John F. Kennedy's Speech: For The Freedom Of Man

Superior Essays
Peter Han
English 015 Section 072
Jessi Harris
September 19, 2015

For the Freedom of Man

Ever since George Washington, presidents have given inaugural speeches in order present their goals and expectations as president to the American people. Though the words of some have been forgotten, others are still memorable today. The memorable addresses have impacted America, not only in the time it was given but also today, where the words spoken by presidents are reflected in the nation the United States has become. When John F. Kennedy was elected president, the Cold War was at its peak. The American people needed a strong and reliable leader to bring back morale and renew faith in their country. In the midst of crisis, Kennedy would deliver one
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This invoked a sense of patriotism into the audience at Kennedy’s inaugural speech and made them feel like they had a duty as Americans to preserve the freedom that their founding fathers had worked so hard for. Kennedy also questions the American people, urging them to, “ask not what your country can do for you – ask what you can do for your country.” In the same way, he questions the world, saying, “ask not what America will do for you, but what together we can do for the freedom of man.” In questioning the American people and the world, Kennedy forces the people to really think about what they can do to bring justice for themselves and all around them. Kennedy asks the world to unite with America to work towards freedom of man. This appeals to the audience’s sense of responsibility and makes them feel like they can do something to lend a helping hand to those in poverty, misery, or …show more content…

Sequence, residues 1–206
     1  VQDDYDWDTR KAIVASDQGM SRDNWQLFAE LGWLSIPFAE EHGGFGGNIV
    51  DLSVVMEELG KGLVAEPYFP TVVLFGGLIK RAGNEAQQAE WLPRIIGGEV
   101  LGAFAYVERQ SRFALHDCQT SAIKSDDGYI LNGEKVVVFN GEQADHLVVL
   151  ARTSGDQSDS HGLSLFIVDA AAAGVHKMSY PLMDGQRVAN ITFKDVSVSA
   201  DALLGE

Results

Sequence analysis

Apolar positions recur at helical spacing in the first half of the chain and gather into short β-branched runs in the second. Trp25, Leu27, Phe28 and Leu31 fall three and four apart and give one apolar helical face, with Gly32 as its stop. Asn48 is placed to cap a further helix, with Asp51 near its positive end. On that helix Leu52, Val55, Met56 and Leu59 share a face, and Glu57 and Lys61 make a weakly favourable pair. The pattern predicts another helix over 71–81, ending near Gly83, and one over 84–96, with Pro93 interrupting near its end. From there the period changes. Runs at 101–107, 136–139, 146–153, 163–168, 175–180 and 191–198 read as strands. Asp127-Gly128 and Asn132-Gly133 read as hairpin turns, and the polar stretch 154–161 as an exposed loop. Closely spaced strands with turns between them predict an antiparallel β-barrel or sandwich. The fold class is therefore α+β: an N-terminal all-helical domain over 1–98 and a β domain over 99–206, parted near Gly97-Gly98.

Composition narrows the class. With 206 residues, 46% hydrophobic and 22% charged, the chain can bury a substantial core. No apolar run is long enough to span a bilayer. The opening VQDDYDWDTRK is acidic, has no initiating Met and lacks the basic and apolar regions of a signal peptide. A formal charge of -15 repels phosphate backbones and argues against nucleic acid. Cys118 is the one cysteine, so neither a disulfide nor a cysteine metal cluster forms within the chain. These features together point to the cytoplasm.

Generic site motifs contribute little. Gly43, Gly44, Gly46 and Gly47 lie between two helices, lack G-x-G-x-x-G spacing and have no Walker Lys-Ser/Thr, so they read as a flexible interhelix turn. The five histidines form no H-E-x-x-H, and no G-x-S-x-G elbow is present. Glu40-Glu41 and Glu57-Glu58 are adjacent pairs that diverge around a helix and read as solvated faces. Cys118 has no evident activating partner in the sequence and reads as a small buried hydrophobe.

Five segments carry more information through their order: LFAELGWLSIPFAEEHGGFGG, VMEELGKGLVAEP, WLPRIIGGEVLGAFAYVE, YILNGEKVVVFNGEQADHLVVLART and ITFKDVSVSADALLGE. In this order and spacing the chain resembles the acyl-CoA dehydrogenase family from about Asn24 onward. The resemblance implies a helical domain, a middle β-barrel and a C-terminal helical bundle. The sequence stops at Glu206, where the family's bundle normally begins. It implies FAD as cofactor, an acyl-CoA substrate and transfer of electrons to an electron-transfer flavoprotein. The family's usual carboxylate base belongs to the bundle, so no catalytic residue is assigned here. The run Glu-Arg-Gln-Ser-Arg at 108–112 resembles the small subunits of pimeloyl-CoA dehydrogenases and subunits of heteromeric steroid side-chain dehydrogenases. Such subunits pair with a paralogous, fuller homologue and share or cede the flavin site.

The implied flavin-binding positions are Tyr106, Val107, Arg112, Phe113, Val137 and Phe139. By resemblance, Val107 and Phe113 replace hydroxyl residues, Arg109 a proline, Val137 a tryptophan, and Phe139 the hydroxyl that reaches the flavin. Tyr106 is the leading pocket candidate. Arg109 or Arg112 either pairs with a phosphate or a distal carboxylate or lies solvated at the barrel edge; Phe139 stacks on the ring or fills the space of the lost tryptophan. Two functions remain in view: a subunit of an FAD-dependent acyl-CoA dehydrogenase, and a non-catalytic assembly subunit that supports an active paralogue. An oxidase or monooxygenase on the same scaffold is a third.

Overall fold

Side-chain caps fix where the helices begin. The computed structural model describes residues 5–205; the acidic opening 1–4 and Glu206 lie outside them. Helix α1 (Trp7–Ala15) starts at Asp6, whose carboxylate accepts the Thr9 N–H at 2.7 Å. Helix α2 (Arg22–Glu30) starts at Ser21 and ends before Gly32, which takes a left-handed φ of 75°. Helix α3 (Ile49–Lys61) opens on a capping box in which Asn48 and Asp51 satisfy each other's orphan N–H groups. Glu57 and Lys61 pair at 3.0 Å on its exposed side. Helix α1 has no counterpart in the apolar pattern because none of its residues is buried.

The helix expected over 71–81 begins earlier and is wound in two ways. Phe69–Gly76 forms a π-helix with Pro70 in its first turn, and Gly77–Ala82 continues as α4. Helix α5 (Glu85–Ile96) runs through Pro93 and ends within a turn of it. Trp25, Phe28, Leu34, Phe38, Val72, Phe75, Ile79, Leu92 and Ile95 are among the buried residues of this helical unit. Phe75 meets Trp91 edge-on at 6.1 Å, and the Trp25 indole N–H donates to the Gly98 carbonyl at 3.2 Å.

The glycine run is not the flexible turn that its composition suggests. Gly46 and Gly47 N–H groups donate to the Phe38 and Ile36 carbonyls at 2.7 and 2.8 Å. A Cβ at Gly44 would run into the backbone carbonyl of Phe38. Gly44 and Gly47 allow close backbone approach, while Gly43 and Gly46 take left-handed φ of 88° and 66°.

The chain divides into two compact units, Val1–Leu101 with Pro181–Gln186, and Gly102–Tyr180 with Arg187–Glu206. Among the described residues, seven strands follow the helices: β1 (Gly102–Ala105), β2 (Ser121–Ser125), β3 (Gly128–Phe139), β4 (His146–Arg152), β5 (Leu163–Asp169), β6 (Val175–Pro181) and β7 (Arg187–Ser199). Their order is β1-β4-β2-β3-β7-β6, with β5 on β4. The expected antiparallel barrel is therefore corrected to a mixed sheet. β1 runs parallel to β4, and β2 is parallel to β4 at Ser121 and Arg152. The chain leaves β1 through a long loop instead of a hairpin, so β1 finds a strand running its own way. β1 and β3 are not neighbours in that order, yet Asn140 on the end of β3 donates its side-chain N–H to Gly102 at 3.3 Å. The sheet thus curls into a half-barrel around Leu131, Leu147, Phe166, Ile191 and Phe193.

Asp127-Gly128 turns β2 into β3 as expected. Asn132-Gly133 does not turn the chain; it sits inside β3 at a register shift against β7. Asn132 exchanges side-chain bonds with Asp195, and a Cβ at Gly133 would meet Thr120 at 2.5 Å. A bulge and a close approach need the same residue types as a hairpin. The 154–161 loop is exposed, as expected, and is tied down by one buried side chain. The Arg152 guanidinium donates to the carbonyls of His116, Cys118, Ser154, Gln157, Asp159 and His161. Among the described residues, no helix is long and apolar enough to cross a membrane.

Through his skillful use of rhetoric, he was able to push Americans to look within themselves for change in a world that was seemingly irreparable due to high tensions within the Cold War and communism. He wanted to, “let every nation know, whether it wishes [the United States] well, or ill, that [it] shall pay any price, bear any burden, meet any hardship, support any friend, oppose any foe, in order to assure the survival and success of liberty. “ Kennedy wanted all nations to be free and stated that all nations had support and aid of the United States in ceasing oppression. He was willing to make sacrifices and take on challenges such as “burdens” and “hardships” in order to support the common good. He acknowledged the tyranny that existed around the world and pledged to “break the bonds of mass misery,” “[cast] off the chains of poverty,” and“ begin anew the quest for peace.” But he could only do this with the help of man whom he believed “holds in his mortal hands the power to abolish all forms of human poverty and all forms of human life.” His speech intended to rally all people to recognize the impact they could make upon the world in order to make it a better, more peaceful place. People had to look upon themselves and see the power in their “mortal hands” to make a difference in the world and rid it of “misery” and “poverty” in order to

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